On a Saturday in December, in a ceremony punctuated by singing, dancing and a rain shower, the South African village of Ramotshinyadi formally assumed ownership of a new network that provides clean water for its nearly 10,000 residents.

"Now that we have water, my dream will be to see our children being committed to their studies … without being disturbed by elders sending them to riverbanks to fetch water," said Hannah Kobela, a local who has family living in Ramotshinyadi. On Dec. 8, the community officially took over the water system from The Coca-Cola Africa Foundation and USAID, which co-led the project as part of a unique partnership.

Kabelo Letsoalo

At least 340 million people in Africa — about one-third of the population — lack access to safe drinking water. In 2000, the United Nations and other organizations created Millennium Development Goals for water, sanitation and other vital concerns, aiming for improvements by 2015. But five years in, it was clear that "at the rate things were going, Africa was going backward," says William Asiko, president of The Coca-Cola Africa Foundation. Unless changes were made, he says, "Africans would be worse off by 2015 than they were when the Millennium Development Goals were set."

A Public-Private Partnership for Water Access

When it comes to water access, South Africans face a constellation of problems, starting with climate. The country's rainfall levels tend to be relatively low and erratic, with frequent droughts and floods. Other factors affecting water supply (in South Africa and elsewhere) include poor resource management, inadequate infrastructure, inefficient use, robust population growth, natural disasters and governance problems.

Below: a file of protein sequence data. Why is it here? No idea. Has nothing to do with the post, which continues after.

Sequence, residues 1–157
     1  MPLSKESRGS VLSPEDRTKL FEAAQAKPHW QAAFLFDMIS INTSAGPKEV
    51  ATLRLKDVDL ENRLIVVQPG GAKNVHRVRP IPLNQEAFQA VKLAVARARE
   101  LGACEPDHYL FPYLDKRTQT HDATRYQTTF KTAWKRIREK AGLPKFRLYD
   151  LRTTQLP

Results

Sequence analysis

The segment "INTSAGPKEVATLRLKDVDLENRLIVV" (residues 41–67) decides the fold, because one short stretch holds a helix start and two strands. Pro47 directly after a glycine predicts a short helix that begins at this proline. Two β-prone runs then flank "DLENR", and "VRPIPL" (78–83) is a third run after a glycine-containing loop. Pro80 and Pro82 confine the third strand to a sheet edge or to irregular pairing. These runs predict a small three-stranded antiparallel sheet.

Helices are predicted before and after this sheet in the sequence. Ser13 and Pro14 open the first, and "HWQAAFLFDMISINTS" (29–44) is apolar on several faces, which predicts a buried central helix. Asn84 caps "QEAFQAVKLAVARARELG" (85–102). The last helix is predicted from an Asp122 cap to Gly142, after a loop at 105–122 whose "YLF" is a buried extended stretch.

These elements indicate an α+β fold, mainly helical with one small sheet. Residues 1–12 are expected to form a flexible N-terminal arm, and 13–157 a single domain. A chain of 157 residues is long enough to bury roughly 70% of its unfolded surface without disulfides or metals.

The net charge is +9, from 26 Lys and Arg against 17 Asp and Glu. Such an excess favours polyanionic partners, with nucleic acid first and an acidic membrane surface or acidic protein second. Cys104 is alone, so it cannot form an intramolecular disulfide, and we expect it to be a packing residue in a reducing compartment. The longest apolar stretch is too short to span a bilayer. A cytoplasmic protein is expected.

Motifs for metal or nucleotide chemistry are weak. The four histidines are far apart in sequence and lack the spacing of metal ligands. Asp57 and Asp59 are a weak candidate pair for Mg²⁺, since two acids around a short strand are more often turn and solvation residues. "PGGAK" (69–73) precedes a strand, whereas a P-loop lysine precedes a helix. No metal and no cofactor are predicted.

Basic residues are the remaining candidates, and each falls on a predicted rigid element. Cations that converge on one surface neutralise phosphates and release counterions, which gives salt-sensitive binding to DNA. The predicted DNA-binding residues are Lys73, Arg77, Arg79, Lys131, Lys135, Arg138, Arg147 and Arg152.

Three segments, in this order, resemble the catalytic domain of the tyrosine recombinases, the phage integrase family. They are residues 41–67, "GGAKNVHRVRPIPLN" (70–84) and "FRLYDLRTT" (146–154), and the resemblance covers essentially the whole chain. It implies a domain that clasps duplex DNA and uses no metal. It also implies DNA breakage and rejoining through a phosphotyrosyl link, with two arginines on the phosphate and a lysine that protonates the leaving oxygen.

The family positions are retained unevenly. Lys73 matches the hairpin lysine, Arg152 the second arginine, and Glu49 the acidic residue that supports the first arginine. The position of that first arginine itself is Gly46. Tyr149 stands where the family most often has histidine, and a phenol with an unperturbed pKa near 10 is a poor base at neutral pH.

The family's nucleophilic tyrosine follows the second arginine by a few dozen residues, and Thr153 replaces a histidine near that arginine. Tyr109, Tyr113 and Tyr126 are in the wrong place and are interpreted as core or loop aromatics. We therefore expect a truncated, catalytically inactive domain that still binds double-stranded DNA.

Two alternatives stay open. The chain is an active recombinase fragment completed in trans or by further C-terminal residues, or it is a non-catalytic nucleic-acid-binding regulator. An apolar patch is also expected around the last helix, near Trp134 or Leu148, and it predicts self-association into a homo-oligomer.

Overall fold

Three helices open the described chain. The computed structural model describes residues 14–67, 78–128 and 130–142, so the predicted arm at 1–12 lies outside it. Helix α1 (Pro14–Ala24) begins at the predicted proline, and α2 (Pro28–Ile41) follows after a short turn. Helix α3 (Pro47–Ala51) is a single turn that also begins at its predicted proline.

The resulting water scarcity presents an even more daunting list of problems, including dehydration, disease, interrupted educations and gender inequality.

The Coca-Cola Africa Foundation has committed, through its $30 million Replenish Africa Initiative (RAIN), to provide clean drinking water to more than 2 million people in Africa by 2015. The initiative supports 42 water projects in 27 countries. Some of these projects are co-funded by USAID through its Water and Development Alliance (WADA) program.

Why partner on these issues? Asiko explains that USAID was "very good at doing infrastructure projects. They could build a dam, they could dig the boreholes ... they could do a lot of those things. They needed a partner who could help them with more of the software stuff: making community connections, connecting with governments."

For Thobekile Finger, a South Africa project specialist at USAID, the partnership with Coca-Cola "was an opportunity to leverage the resources we have so we can both make a far bigger impact than we would if we were working individually."

In Ramotshinyadi, Coca-Cola and USAID marshaled local partners, including power company Eskom, which supplied the electrical connection necessary to pump water from three new boreholes provided to the municipality.